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Kacey Musgraves live at Glastonbury: ‘It’s scary to be an American‘

Kacey Musgraves performs her divorce album to a golden hour crowd at Glastonbury.

4.5 rating

By Hannah Ewens

Kacey Musgraves at Glastonbury. Credit: Julie Edwards/Alamy Live News

The glam women of country pop have always found a warm home at Glastonbury. When Dolly Parton took over as headliner in 2014, her silliness, glamour and charm was the highlight of the weekend. In 2019, Carrie Underwood found support after a difficult time in her personal life in a crowd of women and LGBTQ fans – and few present could forget the emotional range and celebration provided by Sheryl Crow? This year Kacey Musgraves pulls in one of the biggest crowds of the weekend for a show that somehow combines the joyous and moving qualities of all these acts.

Kacey Musgraves is currently touring her divorce album, Star-Crossed, the most straight-forwardly pop of her records to date. Next week she will support Adele in Hyde Park (“divorce, babes, divorce” Musgraves posted on Instagram, quoting Adele, whose most recent album 30 explores her own divorce).

The set opens on the Other stage with back-to-back tracks from Star-Crossed, the highlight of which was “Breadwinner”, which took on a playful and powerful life of its own in a live setting. With big hoops, a sequin dress the singer said she had bought a few days prior, and the Glastonbury staple item of the 2010s, Hunter wellies, Musgraves looked every inch the country star dressed for the specific British occasion.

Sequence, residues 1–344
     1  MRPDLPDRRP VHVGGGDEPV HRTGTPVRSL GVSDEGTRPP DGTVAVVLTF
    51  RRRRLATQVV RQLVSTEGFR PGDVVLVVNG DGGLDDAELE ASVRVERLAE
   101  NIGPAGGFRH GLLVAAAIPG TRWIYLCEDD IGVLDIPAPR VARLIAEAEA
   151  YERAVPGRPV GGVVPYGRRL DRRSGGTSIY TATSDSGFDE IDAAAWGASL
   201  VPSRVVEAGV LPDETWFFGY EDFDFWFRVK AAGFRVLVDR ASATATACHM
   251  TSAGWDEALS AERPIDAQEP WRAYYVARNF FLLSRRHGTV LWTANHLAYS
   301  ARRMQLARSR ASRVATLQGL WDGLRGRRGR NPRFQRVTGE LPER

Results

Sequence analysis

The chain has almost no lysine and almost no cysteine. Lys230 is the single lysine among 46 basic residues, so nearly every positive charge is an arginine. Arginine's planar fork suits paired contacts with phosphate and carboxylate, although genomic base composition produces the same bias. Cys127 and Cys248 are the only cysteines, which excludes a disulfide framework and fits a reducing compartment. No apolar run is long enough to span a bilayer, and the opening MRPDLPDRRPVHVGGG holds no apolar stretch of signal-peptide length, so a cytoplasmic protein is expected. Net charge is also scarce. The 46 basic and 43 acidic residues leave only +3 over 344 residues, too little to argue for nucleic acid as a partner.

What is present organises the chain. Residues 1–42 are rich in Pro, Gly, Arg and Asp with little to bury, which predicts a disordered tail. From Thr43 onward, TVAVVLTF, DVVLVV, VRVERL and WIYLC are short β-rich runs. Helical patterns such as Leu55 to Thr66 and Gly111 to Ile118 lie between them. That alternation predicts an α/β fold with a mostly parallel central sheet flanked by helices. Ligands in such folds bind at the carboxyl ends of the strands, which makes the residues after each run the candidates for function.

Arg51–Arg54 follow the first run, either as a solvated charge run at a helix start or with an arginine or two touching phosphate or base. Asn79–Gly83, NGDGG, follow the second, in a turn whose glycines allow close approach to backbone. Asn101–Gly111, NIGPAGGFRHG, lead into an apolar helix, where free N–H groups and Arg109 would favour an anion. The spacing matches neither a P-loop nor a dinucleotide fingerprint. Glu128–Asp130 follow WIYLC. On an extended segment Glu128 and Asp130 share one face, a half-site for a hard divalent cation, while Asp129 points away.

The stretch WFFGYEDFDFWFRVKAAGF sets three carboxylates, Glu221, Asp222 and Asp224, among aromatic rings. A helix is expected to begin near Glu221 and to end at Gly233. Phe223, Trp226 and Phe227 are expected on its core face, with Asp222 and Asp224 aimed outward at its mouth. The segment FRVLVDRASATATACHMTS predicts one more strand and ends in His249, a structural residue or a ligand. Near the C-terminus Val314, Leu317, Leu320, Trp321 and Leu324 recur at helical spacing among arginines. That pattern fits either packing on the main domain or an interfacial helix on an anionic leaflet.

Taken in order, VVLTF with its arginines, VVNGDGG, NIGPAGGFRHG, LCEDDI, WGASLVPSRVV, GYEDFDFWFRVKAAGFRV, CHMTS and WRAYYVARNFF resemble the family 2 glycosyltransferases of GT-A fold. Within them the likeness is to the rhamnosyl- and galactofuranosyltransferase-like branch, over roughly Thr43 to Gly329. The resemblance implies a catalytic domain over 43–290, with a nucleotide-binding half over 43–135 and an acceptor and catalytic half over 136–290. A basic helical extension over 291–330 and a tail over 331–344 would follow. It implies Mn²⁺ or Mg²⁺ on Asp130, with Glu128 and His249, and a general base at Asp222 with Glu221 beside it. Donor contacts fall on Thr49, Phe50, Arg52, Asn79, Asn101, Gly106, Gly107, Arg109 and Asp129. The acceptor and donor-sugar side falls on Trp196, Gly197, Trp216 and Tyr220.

Before ‘Simple Times’, she told the audience, “we’re far from the simple times y’all.” Multiple other references to the overturning of Roe v. Wade, a decision from the Supreme Court that means there is no constitutional right to abortion in the US. “Honestly I’m thinking about never going back to America,” she tells the audience, “anyone know anyone with positions for sheep farming? That sounds really good right now.”

Later in the set she says, “I meant what I said, it’s a scary time to be an American right now,” adding that “it’s been great to see you guys speaking up for us too.”

But despite the darkness Musgraves references, her performance feels like a celebration of American music culture – the country pop that Brits are increasingly enamoured with. “I see your cowboy hats,” she tells the front row of girls and women wearing them, and launches into a greatest hits of her biggest album Golden Hour. Whoever booked Musgraves for the Other stage – one that faces the sun – during actual golden hour deserves a medal.